I taught my granddaughter how to beg – beg, whine, cajole, wheedle, whinge, whatever you would like to call it. It wasn’t intentional and it was way too easy. My husband says I have taught her negotiating skills, but he is being generous.
My granddaughter is 8 years old and is very intelligent, as all grandchildren are. Of course in my opinion she is just a wee bit smarter than other people’s grandchildren.
We play house and dolls and pretend play, several times a week. This may go on for an hour or so and finally I’ll say, “Well, 5 more minutes and I need to make supper.”
And she’ll say, “Please,please, please just 15 minutes longer?”
And I’ll go, “No, just 5 minutes; it’s getting late and I have to start supper.”
“Please, please, please just 10 minutes longer?”
At this point my grandmotherly heart is doing the thinking: oh I don’t want to disappoint her and aren’t I lucky that she wants to be with her old grandma.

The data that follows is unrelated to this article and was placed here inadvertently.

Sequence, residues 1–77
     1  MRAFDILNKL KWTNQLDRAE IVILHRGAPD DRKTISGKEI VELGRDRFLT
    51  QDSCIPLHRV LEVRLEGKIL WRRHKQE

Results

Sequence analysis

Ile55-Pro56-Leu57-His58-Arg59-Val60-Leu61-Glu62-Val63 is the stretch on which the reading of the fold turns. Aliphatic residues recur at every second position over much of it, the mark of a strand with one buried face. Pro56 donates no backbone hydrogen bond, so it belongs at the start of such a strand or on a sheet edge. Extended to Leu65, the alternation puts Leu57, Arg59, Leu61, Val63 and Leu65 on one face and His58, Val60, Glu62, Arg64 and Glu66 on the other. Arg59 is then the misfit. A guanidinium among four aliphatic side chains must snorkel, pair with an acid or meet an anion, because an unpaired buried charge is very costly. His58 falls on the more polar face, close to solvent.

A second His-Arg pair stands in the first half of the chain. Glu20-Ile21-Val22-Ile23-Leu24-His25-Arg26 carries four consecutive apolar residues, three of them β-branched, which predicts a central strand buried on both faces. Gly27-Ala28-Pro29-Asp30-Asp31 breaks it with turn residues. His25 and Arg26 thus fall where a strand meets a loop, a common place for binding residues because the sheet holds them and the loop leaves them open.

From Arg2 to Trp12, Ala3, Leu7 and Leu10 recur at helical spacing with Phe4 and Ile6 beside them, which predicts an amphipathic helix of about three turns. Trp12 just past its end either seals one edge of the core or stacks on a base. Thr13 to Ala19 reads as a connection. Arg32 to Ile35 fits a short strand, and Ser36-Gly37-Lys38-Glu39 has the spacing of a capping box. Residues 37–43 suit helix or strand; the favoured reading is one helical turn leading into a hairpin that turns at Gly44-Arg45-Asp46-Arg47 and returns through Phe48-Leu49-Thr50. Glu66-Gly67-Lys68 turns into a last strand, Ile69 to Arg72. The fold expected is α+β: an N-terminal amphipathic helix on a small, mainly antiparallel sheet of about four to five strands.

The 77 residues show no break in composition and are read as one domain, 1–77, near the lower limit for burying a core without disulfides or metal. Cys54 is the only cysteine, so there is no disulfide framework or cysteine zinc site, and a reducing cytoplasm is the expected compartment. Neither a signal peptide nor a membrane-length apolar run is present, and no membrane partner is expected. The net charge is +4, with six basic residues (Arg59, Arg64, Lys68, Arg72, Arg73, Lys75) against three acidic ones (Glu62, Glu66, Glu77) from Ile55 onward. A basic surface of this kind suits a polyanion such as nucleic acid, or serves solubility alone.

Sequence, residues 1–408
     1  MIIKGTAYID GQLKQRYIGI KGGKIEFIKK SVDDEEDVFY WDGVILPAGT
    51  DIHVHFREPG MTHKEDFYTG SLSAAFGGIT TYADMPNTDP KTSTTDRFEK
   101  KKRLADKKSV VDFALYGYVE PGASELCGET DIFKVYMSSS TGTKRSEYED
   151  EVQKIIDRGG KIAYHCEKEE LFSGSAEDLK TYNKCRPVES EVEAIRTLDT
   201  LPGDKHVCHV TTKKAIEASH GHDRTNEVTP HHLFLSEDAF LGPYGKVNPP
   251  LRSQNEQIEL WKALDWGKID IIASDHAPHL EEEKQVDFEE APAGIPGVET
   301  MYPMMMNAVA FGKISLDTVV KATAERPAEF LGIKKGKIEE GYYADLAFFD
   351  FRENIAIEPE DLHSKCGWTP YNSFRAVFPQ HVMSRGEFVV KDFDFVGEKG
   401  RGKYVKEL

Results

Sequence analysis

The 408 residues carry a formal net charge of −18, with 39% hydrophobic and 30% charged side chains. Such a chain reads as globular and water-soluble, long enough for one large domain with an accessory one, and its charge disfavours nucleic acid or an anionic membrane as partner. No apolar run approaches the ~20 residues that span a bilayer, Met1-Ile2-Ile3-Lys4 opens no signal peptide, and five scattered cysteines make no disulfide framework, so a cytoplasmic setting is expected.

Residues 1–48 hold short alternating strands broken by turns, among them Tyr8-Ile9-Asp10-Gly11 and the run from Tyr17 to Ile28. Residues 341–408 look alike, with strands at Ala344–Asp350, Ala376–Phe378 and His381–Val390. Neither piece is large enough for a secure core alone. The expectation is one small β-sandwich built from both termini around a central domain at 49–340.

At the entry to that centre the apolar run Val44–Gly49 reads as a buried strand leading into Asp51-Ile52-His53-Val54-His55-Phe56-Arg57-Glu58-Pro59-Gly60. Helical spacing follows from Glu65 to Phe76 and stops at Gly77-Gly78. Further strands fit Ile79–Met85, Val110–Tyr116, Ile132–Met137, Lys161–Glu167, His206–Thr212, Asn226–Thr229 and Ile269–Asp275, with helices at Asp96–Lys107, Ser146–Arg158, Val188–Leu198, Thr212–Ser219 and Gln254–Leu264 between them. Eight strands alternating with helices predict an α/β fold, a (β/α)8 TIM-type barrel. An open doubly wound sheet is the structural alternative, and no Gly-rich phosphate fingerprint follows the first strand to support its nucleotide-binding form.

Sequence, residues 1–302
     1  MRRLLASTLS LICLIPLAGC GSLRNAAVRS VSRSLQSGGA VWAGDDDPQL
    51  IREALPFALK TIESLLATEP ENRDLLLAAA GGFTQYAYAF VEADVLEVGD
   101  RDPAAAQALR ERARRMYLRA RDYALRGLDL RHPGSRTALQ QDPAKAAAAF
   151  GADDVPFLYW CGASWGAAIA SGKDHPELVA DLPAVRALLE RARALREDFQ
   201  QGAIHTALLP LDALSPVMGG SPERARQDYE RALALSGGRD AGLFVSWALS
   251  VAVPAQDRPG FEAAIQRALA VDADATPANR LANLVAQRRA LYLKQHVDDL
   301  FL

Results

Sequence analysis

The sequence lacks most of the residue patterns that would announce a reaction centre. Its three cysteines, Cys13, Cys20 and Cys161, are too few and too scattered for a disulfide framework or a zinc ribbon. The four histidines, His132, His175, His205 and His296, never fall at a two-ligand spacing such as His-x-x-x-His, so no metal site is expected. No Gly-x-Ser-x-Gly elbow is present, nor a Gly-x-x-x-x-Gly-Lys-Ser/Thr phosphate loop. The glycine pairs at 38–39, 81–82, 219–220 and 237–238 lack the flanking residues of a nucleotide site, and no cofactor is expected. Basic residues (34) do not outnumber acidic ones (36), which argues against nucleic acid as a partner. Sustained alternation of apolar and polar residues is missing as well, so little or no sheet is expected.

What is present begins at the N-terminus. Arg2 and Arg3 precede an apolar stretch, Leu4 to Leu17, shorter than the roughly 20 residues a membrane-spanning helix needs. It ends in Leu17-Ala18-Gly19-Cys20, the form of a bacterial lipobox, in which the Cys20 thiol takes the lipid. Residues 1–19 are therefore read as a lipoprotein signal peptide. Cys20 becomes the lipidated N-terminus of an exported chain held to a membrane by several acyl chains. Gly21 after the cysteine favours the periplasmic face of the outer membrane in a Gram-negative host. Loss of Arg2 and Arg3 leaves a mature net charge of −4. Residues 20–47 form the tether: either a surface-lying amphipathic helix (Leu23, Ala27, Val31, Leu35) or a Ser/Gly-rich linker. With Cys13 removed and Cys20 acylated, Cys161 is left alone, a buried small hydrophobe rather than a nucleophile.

We go through this routine everyday. My daughter in law suggests that I just say no, but how canI sayno to those pleading words? They stroke my ego; I swell with love.
One day Iasked my granddaughter why she always asks for more playtime when I give the 5 minute warning.“Because grandma,” she replied, “I know you too well. I know that 5 minutes actually means 10; I can tell by your voice that you’re saying no but really mean yes.”
Of course there are many times when I really do want to end our playtime in 5 minutes, but I’ve put myself into a corner and it’s up to me to get out of it.
I have said before that words are powerful, and I will now add that tone of voice and consistency are equally important.
I have consistently taught my granddaughter that 5 minutes more actually means 10.